The situation around the Lennon Wall in Prague’s Malá Strana district has calmed down substantially since the wall reopened in November 2019 as an open-air art galley, but tourists are still writing on it.
Some of the tourists’ inscriptions are in support of Hong Kong, the Uyghur minority or other political causes, but many others are just initials, names and dates, or the occasional vulgar insult.
A plastic sign in Czech and English with some history of the all has added at the left end, and says it has been declared a “memorial place.” The sign does not forbid graffiti or noise. According to the new rules that began in November 2019, people should only write on the wall with a marker or chalk in reserved places, but these have not yet been specified.
A sign explaining the new rules should be posted soon, according to the Embassy of the Sovereign Military Order of Malta (aka the Knights of Malta), who own the wall.
The 300-year-old sandstone wall became a site of controversy in the summer of 2019 when all-you-can-drink tours would make it their last stop and give spray paint to tourists who would paint vulgar phrases and images there. People would also sell or rent markers, and buskers made noise that disturbed local residents.
The Knights of Malta addressed the problem by renovating the wall in October 2019 to remove layers of paint and them structurally stabilizing it. Artists led by Pavel Šťastný, who made the Civic Forum right after the Velvet Revolution and also made the new logo for the 30th anniversary of the Velvet Revolution, painted the new design on the wall.
The new design is still largely visible under the graffiti, and the Knights of Malta are satisfied with the situation.
“From our point of view, the transformation of the Lennon Wall into an outdoor gallery in the autumn calmed the situation. There have been fewer conflicts, traces of the rampage of alcohol ours, and there are no more vulgarisms on the wall,” Hedvika Čepelová, spokeswoman for the Knights of Malta, told daily Mladá fronta Dnes.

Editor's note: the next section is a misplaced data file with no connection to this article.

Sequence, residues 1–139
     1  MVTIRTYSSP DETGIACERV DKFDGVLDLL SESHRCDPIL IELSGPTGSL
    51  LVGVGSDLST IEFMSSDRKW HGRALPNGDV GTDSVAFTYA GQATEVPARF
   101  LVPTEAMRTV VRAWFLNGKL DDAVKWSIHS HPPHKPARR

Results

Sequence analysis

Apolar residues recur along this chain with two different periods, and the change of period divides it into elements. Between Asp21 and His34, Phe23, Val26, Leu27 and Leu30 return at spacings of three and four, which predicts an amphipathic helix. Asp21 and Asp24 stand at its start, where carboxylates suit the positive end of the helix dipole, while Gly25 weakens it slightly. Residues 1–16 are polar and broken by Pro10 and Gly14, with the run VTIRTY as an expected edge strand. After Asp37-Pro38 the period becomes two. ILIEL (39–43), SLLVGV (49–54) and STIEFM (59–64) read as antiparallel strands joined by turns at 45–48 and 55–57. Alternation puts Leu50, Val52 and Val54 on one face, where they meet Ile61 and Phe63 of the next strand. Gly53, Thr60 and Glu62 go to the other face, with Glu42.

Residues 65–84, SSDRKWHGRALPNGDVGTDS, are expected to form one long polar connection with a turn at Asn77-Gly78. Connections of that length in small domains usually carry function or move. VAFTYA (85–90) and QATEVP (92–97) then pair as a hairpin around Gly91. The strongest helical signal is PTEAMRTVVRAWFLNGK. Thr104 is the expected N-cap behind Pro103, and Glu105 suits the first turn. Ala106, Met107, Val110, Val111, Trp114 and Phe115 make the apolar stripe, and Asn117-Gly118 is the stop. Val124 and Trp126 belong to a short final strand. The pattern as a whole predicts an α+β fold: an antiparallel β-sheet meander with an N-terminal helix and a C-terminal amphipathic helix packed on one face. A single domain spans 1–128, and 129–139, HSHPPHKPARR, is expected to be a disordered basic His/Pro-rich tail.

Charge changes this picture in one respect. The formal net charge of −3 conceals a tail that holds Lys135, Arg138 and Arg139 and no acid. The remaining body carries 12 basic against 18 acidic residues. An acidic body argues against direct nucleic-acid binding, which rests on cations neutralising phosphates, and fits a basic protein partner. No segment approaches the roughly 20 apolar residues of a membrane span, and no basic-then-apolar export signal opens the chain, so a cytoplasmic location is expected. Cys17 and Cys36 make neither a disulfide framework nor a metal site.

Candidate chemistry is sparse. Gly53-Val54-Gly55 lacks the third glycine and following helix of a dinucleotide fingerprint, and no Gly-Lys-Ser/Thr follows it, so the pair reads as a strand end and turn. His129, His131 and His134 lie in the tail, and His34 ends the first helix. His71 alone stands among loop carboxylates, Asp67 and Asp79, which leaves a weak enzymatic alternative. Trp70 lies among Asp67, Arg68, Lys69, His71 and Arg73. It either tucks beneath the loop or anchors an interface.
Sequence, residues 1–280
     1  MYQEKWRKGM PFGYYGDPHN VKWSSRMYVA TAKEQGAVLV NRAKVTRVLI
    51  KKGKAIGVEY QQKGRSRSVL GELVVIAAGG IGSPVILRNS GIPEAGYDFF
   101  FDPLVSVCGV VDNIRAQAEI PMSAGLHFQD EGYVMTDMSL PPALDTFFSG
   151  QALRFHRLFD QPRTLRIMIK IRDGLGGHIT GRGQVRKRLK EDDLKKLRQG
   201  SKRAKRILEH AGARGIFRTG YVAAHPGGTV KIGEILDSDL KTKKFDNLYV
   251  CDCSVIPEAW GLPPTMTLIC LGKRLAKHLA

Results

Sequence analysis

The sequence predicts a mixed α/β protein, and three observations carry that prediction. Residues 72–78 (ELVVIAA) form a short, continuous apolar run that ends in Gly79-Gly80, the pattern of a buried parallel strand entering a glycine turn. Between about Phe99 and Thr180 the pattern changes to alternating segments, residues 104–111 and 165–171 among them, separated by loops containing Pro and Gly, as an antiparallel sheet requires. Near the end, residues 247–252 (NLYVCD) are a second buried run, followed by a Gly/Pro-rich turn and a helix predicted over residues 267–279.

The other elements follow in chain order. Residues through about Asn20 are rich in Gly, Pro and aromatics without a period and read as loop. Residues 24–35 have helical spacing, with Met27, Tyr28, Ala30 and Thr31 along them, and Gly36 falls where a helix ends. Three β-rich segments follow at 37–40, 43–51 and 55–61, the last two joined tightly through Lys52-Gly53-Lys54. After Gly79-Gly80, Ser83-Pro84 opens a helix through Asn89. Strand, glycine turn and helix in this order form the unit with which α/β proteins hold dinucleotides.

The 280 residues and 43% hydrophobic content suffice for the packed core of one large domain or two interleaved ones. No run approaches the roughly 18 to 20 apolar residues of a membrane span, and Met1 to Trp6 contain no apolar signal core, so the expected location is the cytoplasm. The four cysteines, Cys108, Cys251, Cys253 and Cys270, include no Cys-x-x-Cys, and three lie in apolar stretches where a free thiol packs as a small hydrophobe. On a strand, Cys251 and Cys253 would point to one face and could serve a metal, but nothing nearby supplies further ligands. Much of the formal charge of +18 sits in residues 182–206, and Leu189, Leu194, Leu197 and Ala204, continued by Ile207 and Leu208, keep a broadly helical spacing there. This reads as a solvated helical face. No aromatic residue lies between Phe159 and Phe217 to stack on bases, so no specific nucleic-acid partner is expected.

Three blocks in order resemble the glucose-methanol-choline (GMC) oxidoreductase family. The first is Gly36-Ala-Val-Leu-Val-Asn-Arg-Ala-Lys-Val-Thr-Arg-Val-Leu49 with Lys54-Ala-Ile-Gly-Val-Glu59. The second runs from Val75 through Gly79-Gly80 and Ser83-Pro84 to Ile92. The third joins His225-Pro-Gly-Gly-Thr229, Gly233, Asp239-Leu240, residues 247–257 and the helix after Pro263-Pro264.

A new camera has been installed near the wall, and several cases of vandalism have been already been stopped. More cameras should be in place soon.
The Prague 1 district is helping to monitor the wall and enforce the rules.
“From Prague 1, we know that in the first phase, it was necessary to deal with dozens of cases when someone tried to damage the wall during the night. We are sorry that there are still people who need to destroy this beautiful place, and we will work with Prague 1 [to fix the situation],” Čepelová added.
The Knights of Malta plan to clean the wall cleaned of the marker messages and preserve the background paintings.
The wall has been a site for graffiti critical of the communist regime since the 1960s. After the murder of former Beatles member John Lennon in 1980 it became a place for Beatle song lyrics, portraits of Lennon, and messages and images relating to world peace.
Police in the 1970s and ’80s would often paint the wall over, but new messages would appear quickly.
The Knights of Malta had long permitted the wall to be used for peace messages, but by summer 2019 the situation had changed, and reluctantly they had to try to instill some order.
“We don’t want the place to become a cheap tourist attraction, where everyone could scribble nonsensical and dirty things. This was not a dignified state,” Johannes Lobkowicz, Chancellor of the Knights of Malta, said in the fall of 2019.
Prague’s Lennon Wall has inspired similar ones worldwide, particularly in Hong Kong where sticky notes are used to express sentiments on the walls. The Lennon Wall in Prague has become a popular place for tourists from Asia to show support for Hong Kong.
Graffiti has become an issue across the city. Municipal districts have been fighting random graffiti on buildings and public spaces, but also looking for more places to allow street art.